Construction begins on lakefront boardwalk in downtown Austin

The Ann and Roy Butler Hike and Bike Trail on Lady Bird Lake in downtown Austin is a popular recreational area. It features 10 miles of land, attracts about 1.5 million visitors each year and provides scenic views of some of the city's cultural attractions, neighborhoods and skyscrapers.

Construction is underway on the new Lady Bird Lake Boardwalk Trail Project, a path that will link the current end of the trail near the Austin American Statesman Building to Lakeshore Park and close the southeastern gap of the trail. City officials noted that the new boardwalk could be completed in 2014, and people who are exploring some of the homes for sale in Austin may be directly impacted by the project.

The history of Lady Bird Lake and the Ann and Roy Butler Hike and Bike Trail
Town Lake was created in 1960 after the creation of the Longhorn Dam on the Colorado River in Austin. A Town Lake Beautification Committee was established in 1971 that included several prominent Austin citizens, including Lady Bird Johnson, the former First Lady of the United States. This group prioritized creating a rural escape for local residents within an urban setting and developed hiking and biking trails along the lake for visitors to enjoy.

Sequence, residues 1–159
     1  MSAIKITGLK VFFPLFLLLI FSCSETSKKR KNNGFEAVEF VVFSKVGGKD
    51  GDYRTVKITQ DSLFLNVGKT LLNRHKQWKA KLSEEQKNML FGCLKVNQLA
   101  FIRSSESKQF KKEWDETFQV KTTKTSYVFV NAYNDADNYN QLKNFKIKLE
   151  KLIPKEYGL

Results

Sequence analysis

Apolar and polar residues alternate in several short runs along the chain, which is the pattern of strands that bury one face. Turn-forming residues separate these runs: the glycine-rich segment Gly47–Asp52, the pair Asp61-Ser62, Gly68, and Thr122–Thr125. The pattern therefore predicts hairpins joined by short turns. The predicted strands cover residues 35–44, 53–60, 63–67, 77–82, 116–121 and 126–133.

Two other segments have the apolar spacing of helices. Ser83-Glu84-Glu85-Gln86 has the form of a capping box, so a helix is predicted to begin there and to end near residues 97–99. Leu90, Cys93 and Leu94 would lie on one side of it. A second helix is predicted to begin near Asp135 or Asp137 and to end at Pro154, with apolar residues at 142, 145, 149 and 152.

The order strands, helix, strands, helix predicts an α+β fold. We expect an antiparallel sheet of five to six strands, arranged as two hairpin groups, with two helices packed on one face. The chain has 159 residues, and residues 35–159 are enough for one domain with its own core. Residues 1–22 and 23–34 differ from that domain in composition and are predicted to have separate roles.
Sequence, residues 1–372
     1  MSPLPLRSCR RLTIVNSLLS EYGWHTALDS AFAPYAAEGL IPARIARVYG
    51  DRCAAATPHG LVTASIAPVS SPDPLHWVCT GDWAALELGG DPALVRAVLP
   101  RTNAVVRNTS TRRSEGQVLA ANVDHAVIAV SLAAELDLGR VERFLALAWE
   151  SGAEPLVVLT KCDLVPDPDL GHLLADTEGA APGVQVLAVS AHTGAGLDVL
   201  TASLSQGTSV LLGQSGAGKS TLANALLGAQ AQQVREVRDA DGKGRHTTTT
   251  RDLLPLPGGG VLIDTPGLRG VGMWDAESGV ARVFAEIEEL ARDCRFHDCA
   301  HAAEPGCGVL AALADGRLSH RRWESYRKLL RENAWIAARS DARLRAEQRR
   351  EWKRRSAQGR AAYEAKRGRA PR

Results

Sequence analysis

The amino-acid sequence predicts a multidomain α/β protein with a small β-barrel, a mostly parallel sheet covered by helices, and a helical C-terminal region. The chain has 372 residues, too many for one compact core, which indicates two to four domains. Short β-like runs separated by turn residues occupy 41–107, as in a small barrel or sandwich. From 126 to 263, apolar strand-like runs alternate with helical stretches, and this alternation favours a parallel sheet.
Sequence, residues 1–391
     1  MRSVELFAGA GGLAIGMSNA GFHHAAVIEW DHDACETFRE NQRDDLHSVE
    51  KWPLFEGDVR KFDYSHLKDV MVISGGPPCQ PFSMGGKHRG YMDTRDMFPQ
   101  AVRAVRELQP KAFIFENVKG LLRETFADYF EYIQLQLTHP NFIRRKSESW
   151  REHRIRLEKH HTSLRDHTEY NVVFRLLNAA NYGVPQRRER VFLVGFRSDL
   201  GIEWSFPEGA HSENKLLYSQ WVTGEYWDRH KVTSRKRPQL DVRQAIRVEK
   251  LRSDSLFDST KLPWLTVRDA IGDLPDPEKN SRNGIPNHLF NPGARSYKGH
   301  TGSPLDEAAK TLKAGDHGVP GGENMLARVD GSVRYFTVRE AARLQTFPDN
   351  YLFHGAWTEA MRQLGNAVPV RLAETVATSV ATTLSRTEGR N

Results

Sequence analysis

In 2007, the lake was renamed Lady Bird Lake, and the Town Lake Hike and Bike Trail was renamed the Ann and Roy Butler Hike and Bike Trail four years later.

The effect of the boardwalk project
Austin residents could soon enjoy the increased efforts of city officials to beautify the shores of Austin's central city lake. In 2008, the Austin City Council approved funding for the design and engineering of the new boardwalk, and when it is done, the mixed-use trail extension will be 1.2 miles long from International Shores Park off Lakeshore Boulevard.

More contractors are expected to provide support for the project next year. The work will progress westward and construction west of IH-35 is planned for late spring 2013.

Additionally, contractors will use a wide variety of large, heavy equipment to complete the project. Construction areas are expected to be busy for the immediate future, and several city administrators are encouraging residents to be aware of the construction.

"For safety reasons, we're asking the public to stay at least 200 feet away from the barges and equipment," said David Taylor, the city's project manager.